Some Chilean caciques made it to the villa of Concepción del Río Cuarto. They did so by integrating some of the many Ranquel groups who, at times when there was less fighting, approached this border town to collect the rations stipulated in the peace treaties, trade products, cure their ailments, etc. Some of the lists drawn up by Valentín Bargas and Martín Quenon (who were responsible for relations with Indians in the villa of Concepción) include the names of Chilean Indians in the groups that arrived on the border. For instance, on September 7 th, 1844, one of the arriving groups was made up of:

Toriano son of the cacique Mariguam

El api lower chief of the same

Caniumil ditto, of the cacique Montré

Antiñam nephew of the cacique Llancan–er

Colepi of the lower chief Llanquil

Cayulet of the Indian Mococho mentioned in Salbo’s letter. 46

These same officials stated that the son of the cacique Mariguan was “lodged with befitting hospitality” 47 at the home of a prominent resident, Martín Quenon 48 , which is unprecedented as there are no other similar references ( Tamagnini, 2015b ). Furthermore, this group brought to the border a letter that Domingo Salvo 49 , Capitán de Amigos 50 in Santa Bárbara in Chile, had sent to Payne, who forwarded it to the villa of Concepción as a token of friendship, although it is likely that the motive behind this letter from Salvo went far beyond a desire to preserve friendship or influence over the tribe ( Rojas Lagarde, 2002, p. 244 ); as mentioned above, notices of this kind were not only sent to inform the government of movements inland , but to obtain some kind of economic aid for the Ranquel people to support and entertain visitors. In other words, “gifts were accepted in return for information on intra-ethnic movements, which in a way ensured control of the border” ( Ratto, 2011, p. 178 ).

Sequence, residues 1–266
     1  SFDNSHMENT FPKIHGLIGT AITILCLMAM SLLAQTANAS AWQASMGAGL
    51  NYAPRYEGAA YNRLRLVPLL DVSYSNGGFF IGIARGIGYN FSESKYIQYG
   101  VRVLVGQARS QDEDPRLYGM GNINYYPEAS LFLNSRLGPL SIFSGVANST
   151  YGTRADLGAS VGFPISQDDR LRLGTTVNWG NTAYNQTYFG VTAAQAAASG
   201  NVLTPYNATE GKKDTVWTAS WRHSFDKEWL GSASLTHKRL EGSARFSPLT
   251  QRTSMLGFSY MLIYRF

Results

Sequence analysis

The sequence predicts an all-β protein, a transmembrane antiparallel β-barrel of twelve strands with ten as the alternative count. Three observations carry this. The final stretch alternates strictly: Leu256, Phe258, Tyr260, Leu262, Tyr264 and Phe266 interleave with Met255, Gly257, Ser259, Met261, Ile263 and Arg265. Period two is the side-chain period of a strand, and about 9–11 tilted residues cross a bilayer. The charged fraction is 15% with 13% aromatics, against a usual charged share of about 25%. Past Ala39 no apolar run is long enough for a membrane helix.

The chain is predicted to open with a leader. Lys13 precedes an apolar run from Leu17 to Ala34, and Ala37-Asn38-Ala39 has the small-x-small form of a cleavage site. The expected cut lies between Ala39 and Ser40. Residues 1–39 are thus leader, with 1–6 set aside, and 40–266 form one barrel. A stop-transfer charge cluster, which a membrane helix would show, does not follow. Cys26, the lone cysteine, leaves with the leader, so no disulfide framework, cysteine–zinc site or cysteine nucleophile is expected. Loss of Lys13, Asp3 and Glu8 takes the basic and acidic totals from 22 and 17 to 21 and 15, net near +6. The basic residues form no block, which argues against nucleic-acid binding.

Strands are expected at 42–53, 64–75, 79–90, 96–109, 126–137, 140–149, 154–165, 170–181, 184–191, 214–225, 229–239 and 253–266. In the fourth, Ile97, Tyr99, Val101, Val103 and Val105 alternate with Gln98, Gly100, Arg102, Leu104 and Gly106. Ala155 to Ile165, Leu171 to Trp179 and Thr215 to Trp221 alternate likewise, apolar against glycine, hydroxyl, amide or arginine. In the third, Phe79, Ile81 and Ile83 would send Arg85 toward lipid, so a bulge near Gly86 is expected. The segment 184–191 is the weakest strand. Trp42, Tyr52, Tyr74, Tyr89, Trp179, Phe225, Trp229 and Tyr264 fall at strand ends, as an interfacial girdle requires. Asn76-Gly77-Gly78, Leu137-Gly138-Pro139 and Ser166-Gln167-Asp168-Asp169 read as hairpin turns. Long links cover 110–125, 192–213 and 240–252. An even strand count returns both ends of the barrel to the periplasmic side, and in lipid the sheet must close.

The Chilean official Domingo Salvo’s ties to the cacique Payne further complicates an analysis of the articulations and alliances in Ranquel territory in the 1840s; one way of addressing this is by analyzing some judicial proceedings initiated in Mendoza and involving another Chilean official who also had ties to the Ranquel people.


The “Desert Campaign” organized and executed by Rosas in 1833, and the raids carried out in subsequent years, plunged the Ranquel people into an economic and demographic crisis. To recover from the effects, they resorted to relaxing ethnic boundaries by integrating indigenous people from other factions like the Chilean Indians and the Boroganos, who had dispersed after Calfucurá killed their caciques Rondeau and Melin in Masallé ( Jiménez & Alioto, 2007 ; Villar & Jiménez, 2011, p. 144 ).

Previous studies have addressed the renegades and refugees that settled in Ranquel camps from the early 1830s. The best known of these was the Unitarian colonel Manuel Baigorria, who was actively engaged in the design and execution of border policies adopted by the caciques Payne and Pichún with regard to the governors of Córdoba and San Luis. In addition to establishing kinship ties with the caciques – he married one of Coliqueo’s daughters and was considered a son in the Yanquetruz lineage – Baigorria led raids on the borders of these provinces on numerous occasions, particularly when a new surge of defeated Unitarians entered the Indian camps after 1841. These raids are an example of political articulation not just by virtue of their makeup – Ranqueles, Chilean Indians and Unitarian refugees from various provinces – but because they were directed by Christians who, in turn, had links to forces opposed to provincial governments ( Tamagnini, 2016a , 2016b ).